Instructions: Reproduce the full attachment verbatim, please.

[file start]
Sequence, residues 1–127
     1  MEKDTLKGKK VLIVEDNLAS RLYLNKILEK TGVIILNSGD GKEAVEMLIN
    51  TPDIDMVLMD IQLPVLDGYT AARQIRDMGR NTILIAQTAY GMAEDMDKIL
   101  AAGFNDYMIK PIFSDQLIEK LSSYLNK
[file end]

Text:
Sequence, residues 1–127
     1  MEKDTLKGKK VLIVEDNLAS RLYLNKILEK TGVIILNSGD GKEAVEMLIN
    51  TPDIDMVLMD IQLPVLDGYT AARQIRDMGR NTILIAQTAY GMAEDMDKIL
   101  AAGFNDYMIK PIFSDQLIEK LSSYLNK